We’ve rounded up the top 5 cash-based holiday destinations where you’ll need to delete your Apple Pay, and take some cash instead!
Top 5 Countries Where You’ll Need to Take Some Cash
The Republic of Indonesia is known for its stunning islands, laid back locals, and popularity as a prime beach getaway destination. The Indonesian Rupiah (IDR) is the dominant form of payment here. Whilst cards are slowly becoming more popular, they still aren’t accepted as the preferred form of payment.
So why is cash still so popular? To start, service charges for topping up prepaid credit cards often cost more than products themselves, and on the street cash remains an efficient alternative1. What’s more, many of Indonesia's beautiful islands don’t have steady internet connections and often rely on generators for electricity, making card payments all the more difficult.
Cash-Only Indonesian Experiences:
Outside large malls, big restaurants, and major hotels, you’d be smart to carry Rupiah. Attractions like temples, boat rides, other forms of public transport, street food vendors, and small restaurants are mainly cash only. Travelling to Indonesia? Browse our Indonesia Travel Guide for more tips before you fly.
A range of factors ensure that Dong remains popular in Vietnam. These include large surcharges when paying by bank card, providers not accepting cashless payments, insufficient infrastructure, high fees, and the fear of fraud when paying by card.3
Cash-Only Vietnamese Experiences:
As Vietnam is a cash-based society, you’ll find that markets, street food, and small restaurants may not have card payment facilities. If you’re planning on a quintessential Vietnamese motorbike trip, mechanics, and petrol stations are usually cash only. Make sure you also have Vietnam Dong prepared to pay for entrance fees to museums and galleries. For more information on what to do in Vietnam, check out our Vietnam Travel Guide.
3. South Africa
Located in the Southernmost tip of Africa, a holiday to South Africa means wineries, safaris, stunning nature, beaches, and cosmopolitan cities. A recent report found that more than half of all consumer transactions are paid in cash in South Africa4, despite the growing popularity of mobile payment options.
The country has seen a rapid increase in infrastructure that supports electronic-based payments, however day-to-day purchases are still generally made in cash. Another major reason cited for the prevalence of cash usage is fear of fraud, with the Boston Consulting Group finding that 33% of South Africans have a fear of falling victim to fraud when opting to use ATMs or mobile banking5.
Cash-Only South African Experiences:
Cash is essential in South Africa if you plan on buying anything from traditional African street markets, visiting rural townships, and tipping. Further to this, power outages and cuts are becoming increasingly common in South Africa6. These outages prevent POS payment systems from being used, making cash a must-have. For some ideas on what to see and do on your trip to South Africa, check out our Cape Town Travel Guide!.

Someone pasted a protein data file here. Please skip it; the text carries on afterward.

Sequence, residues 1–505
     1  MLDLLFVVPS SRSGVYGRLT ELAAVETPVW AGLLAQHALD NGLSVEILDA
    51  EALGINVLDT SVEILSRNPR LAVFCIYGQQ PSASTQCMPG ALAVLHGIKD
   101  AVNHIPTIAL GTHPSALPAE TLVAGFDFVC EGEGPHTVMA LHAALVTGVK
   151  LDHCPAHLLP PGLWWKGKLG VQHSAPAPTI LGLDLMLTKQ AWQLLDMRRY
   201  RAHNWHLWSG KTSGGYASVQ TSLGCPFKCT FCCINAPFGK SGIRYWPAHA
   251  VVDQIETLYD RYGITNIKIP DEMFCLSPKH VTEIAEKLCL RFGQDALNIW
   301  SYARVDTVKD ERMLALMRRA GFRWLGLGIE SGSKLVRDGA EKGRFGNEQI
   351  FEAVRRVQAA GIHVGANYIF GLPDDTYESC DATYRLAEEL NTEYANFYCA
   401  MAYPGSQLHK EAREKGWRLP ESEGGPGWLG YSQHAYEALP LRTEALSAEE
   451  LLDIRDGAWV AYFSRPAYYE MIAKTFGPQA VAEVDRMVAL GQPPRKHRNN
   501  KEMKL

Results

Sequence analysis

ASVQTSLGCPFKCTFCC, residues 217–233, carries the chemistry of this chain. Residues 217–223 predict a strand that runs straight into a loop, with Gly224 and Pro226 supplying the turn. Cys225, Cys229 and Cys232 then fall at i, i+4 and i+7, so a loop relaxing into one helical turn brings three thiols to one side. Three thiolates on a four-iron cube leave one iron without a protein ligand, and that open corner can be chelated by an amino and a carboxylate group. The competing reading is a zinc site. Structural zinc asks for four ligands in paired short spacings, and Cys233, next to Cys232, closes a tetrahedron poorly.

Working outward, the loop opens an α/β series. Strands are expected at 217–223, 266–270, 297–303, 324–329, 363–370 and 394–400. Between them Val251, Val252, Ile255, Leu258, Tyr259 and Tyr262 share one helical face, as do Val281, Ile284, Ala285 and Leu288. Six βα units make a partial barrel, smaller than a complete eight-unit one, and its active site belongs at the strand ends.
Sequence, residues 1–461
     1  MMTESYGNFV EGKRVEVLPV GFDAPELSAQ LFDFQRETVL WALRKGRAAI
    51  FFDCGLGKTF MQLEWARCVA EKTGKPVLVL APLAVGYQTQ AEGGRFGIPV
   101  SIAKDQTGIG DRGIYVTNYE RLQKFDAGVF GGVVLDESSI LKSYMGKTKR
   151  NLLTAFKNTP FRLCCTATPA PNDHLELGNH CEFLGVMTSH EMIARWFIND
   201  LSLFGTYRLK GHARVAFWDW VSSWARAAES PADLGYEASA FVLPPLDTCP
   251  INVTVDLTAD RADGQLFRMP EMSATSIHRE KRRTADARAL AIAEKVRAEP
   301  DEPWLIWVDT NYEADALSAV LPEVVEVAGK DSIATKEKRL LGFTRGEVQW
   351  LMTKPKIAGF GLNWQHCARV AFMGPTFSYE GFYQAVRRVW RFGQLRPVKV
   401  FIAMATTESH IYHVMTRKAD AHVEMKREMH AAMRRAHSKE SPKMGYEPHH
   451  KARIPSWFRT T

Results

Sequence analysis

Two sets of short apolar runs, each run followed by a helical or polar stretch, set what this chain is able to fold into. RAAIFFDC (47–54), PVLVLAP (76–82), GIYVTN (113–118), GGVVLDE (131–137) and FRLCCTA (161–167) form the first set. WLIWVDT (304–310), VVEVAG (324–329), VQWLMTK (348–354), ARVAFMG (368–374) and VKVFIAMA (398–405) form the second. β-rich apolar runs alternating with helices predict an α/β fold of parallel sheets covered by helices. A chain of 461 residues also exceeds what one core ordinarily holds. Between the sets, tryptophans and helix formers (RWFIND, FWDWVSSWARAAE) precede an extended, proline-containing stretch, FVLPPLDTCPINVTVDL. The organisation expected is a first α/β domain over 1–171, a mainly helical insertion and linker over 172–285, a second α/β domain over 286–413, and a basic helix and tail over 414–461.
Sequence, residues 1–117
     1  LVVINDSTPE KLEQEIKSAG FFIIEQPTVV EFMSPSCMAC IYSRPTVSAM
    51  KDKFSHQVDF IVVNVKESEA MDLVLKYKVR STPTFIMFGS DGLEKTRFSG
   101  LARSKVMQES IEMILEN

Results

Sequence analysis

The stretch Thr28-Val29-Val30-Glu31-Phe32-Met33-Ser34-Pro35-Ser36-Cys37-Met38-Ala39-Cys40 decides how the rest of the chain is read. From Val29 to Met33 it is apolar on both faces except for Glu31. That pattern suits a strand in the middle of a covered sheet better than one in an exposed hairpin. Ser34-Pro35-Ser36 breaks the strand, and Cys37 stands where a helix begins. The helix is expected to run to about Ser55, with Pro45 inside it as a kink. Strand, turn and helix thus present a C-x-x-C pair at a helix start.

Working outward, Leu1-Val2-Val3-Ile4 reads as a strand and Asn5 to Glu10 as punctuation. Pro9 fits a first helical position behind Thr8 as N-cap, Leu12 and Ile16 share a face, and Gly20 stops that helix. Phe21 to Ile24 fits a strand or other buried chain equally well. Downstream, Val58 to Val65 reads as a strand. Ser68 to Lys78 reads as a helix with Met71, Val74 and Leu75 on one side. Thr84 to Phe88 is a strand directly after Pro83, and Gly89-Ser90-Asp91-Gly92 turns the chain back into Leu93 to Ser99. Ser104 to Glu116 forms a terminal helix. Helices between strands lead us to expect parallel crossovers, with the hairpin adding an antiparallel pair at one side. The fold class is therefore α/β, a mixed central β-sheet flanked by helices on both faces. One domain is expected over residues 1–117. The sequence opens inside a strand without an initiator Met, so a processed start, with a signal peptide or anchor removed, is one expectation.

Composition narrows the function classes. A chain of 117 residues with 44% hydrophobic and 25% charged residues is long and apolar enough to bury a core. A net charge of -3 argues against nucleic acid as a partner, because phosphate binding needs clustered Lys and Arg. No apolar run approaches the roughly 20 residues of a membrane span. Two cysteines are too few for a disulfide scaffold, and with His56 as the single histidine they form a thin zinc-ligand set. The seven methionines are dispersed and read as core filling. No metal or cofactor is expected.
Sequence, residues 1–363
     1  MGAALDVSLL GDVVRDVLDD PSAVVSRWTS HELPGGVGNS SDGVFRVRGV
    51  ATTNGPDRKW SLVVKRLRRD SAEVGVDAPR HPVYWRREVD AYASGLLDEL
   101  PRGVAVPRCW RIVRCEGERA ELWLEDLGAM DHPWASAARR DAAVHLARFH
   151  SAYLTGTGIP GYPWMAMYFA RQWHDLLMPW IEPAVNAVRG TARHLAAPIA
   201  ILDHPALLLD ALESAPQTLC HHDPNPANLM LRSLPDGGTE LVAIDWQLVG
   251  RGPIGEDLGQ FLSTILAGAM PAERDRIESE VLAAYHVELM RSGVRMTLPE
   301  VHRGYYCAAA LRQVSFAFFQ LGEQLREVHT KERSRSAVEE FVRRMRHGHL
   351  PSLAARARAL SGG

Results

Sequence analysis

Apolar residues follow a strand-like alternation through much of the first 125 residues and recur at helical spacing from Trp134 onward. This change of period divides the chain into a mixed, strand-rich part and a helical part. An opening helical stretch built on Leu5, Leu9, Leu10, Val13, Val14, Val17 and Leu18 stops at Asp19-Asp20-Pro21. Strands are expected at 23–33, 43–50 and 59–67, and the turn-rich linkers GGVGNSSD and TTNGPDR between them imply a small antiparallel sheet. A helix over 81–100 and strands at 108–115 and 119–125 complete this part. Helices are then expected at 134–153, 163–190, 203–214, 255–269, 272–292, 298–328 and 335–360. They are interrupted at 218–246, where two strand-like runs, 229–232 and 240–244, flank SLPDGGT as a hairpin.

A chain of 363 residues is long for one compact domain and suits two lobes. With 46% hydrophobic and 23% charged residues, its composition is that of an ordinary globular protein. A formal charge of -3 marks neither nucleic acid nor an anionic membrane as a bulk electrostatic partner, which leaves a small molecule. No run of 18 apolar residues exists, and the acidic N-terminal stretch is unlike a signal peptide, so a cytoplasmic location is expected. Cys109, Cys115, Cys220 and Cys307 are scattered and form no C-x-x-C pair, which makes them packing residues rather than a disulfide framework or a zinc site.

Cambodia is synonymous with jungles, temples, islands, and buzzing nightlife. Like other South-East Asian countries, the majority of Cambodians are paid in cash. Subsequently, the majority of businesses operate as cash only.7
Conveniently, USD is the un-official second currency of Cambodia whichmeans USD is widely accepted in most places.
Cash-Only Cambodian Experiences:
Again, carrying cash in Cambodia (either USD or Riels) is recommended. With the exception of large hotels and high-end restaurants, most experiences may require a cash payment. This includes at markets, when buying street food, shopping at small shops, tipping, and the entry payment to the famous Angkor Wat temples. To get more of an idea of what everyday items may cost in Cambodia, check out our Indochina Travel Guide.
Sumo, sushi, sashimi, sakura, skiing - Japan has become one of the most popular holiday destinations for Australians, and for good reason. It may however, come as a surprise to find out that it is still very much a cash-driven economy. There are many reasons for this. They range from a trust in cash, limited acceptance of bank card payment, and the general sense of safety when carrying large amounts of Yen.10
Some foreign cards may not be accepted by Japanese ATMs. In addition to this, when withdrawing money from Japanese ATMs, you may be charged a small fee. Many ATMs also close in the evenings in Japan (11). Your best bet is to head to a 7/11 and withdraw there, or ensure you have sufficient cash on you.
Cash-Only Japanese Experiences:
Cash-only experiences in Japan include small shops and restaurants, temple entrances, and entrance to other museums and attractions. For more ideas on what you may be missing out on in Japan if you don’t have enough Yen on you, check out this handy article on cash-only Japanese experiences.
This information is compiled from external sources and is offered as a guide only. It is recommended you check smarttraveller.gov.au before deciding whether to travel to a destination.